Before the big freeze up, a family of five River Otters were seen on a regular basis, though variously popping up around Lily Lake, the state park ponds and across in the south meadows. Counts varied from four to five animals and three of them appeared to be youngsters, so it may be that the male was sometimes present, sometimes off a-wandering. This one (along with three others) was in Lily Lake back in early October and I spotted it whilst trying out the new Swarovski binoculars - which are due out this month!

White-tailed Deer have visited our garden on a regular basis, but remain very wary and unapproachable. I caught this one unawares at 6am one morning, but it looks like it's just got a wiff of me!

And talking of the garden, a few more yardbirds gave themselves up to the camera before the year was out, including this smart little Chipping Sparrow.

Our suet block continued to attract woodpeckers and this male Red-bellied Woodpecker has become a regular. Though often almost impossible to see in the field (due to it being pressed against a tree trunk!), the red belly that gives this species its name can be seen here.

More recently, a female Red-bellied Woodpecker has been showing up too. Note that she doesn't have the red extending across the top of the head, or on the face.

I'm still working on the ultimate Northern Cardinal shot, but this one wasn't too bad!

My second Sandhill Crane of the year came in the shape of one that dropped onto the ice on Lily Lake and didn't seem to mind being photographed from the car, which allowed me to make a close approach. Actually, when it first flew in, it missed the ice altogether and had to swim for it!!

Another picture of the Sandhill Crane, having a good old shake down. I managed to get this bird on my work list too, when we found a tiny gap in the trees that allowed us to set up a scope from within the warmth of the store!

One of the real highlights of winter around Cape May is the chance to seek out American Woodcock. Though quite common, their nocturnal habits and cryptic plumage make them hard to find and they are seldom seen by most people. However, during snowy weather, the first places to thaw are often roads and roadside verges, and up to seven woodcocks were regularly feeding around the junction of Lighthouse Avenue and Sunset Boulevard, just at the time that I was passing by on my way home from work.

It really has been a strange start to the year!! On my way home this evening, I spotted what I assumed to be an American Woodock waddling across the grass at the usual junction - but instead found a seemingly disorientated female Ruddy Duck!! I caught her quite easily under the street lights and added her to the strange but growing list of animate objects that have made it into my various cars! I took her back down to Lily Lake and released her onto an unfrozen section with fingers crossed for her. (Note the time on the clock!)

Having noticed ice on the canal on the way in to work this morning, I nipped down to Sunset Beach and found the famous wreck of the concrete ship looking like something from the high Arctic. Strong westerly winds were whipping up the waves of Delaware Bay and covering the ship in foam. The foam was then freezing, giving the whole ship a thick covering of ice. A small flotilla of Common Eiders was near by, but you'll have to take my word for it as I could barely stand up on the beach let alone take photos of birds!!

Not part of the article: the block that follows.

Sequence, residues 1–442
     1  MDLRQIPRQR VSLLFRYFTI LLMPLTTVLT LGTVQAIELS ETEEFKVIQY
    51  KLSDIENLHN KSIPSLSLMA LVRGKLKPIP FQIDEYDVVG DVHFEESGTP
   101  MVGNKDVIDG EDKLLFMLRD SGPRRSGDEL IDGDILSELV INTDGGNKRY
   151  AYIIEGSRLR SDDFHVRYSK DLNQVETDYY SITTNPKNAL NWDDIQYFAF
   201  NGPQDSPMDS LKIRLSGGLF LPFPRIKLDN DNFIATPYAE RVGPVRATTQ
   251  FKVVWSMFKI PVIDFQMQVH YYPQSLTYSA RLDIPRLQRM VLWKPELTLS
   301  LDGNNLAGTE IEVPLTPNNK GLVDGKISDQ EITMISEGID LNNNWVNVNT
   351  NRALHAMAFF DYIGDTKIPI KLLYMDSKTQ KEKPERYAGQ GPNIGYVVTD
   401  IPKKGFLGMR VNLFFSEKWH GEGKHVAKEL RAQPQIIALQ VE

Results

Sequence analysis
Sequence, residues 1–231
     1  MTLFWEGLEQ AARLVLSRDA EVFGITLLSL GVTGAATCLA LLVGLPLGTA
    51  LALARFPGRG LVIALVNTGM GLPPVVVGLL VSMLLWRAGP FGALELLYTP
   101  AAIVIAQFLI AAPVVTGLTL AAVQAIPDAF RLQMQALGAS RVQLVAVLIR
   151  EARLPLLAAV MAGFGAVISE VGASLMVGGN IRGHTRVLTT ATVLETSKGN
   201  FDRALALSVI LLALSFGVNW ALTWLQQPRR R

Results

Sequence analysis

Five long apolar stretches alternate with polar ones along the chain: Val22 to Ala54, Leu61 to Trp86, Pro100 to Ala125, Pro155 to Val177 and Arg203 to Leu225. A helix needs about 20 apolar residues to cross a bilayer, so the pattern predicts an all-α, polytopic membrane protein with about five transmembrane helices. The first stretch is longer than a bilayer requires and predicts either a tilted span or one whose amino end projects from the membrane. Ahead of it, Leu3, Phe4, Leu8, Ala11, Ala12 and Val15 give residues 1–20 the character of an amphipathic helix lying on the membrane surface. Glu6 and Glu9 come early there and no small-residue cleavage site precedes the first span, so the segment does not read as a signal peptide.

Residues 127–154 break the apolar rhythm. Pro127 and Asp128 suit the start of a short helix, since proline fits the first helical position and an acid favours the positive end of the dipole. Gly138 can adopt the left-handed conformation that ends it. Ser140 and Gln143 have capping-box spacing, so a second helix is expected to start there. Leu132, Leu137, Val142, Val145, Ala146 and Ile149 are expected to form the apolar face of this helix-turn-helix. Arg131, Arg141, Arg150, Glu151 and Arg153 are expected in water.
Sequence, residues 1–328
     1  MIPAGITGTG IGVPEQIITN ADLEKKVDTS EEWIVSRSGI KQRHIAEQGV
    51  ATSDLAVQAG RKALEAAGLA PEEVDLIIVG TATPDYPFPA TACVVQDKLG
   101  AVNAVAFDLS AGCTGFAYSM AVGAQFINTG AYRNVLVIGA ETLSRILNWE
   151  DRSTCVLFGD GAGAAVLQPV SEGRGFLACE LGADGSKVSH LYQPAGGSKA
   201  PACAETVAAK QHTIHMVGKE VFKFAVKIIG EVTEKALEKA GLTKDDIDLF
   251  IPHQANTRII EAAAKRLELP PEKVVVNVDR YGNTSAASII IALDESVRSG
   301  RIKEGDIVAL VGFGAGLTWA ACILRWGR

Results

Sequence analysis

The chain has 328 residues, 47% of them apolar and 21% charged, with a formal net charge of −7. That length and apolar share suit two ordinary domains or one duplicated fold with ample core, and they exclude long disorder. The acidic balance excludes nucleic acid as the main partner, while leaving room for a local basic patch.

Not a picture for the tourist office!! Sunset Beach covered in frozen foam.

Well, the tradditional parting shot rounds off 2009 - a Sunset Beach sunset, complete with Double-crested Cormorants on the concrete ship. 2010 looms, with a new year list, a new house and who knows what else....

My Christmas Count list around Rio Grande/Whitesboro area:

Brant 815
American Black Duck 236
Mallard 71
Green-winged Teal 6
Lesser Scaup 2
Long-tailed Duck 1
Bufflehead 360
Hooded Merganser 92
Common Merganser 2
Red-breasted Merganser 14
Ruddy Duck 1
Common Loon 2
Double-crested Cormorant 3
Great Cormorant 9
Great Blue Heron 5
Great Egret 3
American Black Vulture 1
Turkey Vulture 8
Northern Harrier 1
Cooper's Hawk 1
Red-shouldered Hawk 1
Red-tailed Hawk 2
Grey Plover 5
Killdeer 1
American Oystercatcher 8
Dunlin 65
Ring-billed Gull 72
American Herring Gull 417
Great Black-backed Gull 34
Feral Rock Dove 60
American Mourning Dove 32
Red-bellied Woodpecker 3
Yellow-bellied Sapsucker 1
Downy Woodpecker 5
Northern Flicker 3
Blue Jay 30
American Crow 16
Fish Crow 1
Carolina Chickadee 34
Tufted Titmouse 31
White-breasted Nuthatch 1
Brown Creeper 2
Carolina Wren 16
Golden-crowned Kinglet 5
Eastern Bluebird 3
Hermit Thrush 2
American Robin 577
Grey Catbird 3
Northern Mockingbird 7
European Starling 411
Cedar Waxwing 20
Yellow-rumped Warbler 69
Eastern Towhee 1
Chipping Sparrow 8
Field Sparrow 3
Savannah Sparrow 3
Nelson's Sparrow 3
Saltmarsh Sparrow 4
Fox Sparrow 2
Song Sparrow 20
White-throated Sparrow 121
Dark-eyed Junco 65
Northern Cardinal 42
Red-winged Blackbird 210
Common Grackle 17
Boat-tailed Grackle 60
Brown-headed Cowbird 30
House Finch 33
American Goldfinch 28
House Sparrow 58

Total 70 species (a good start to the year list!)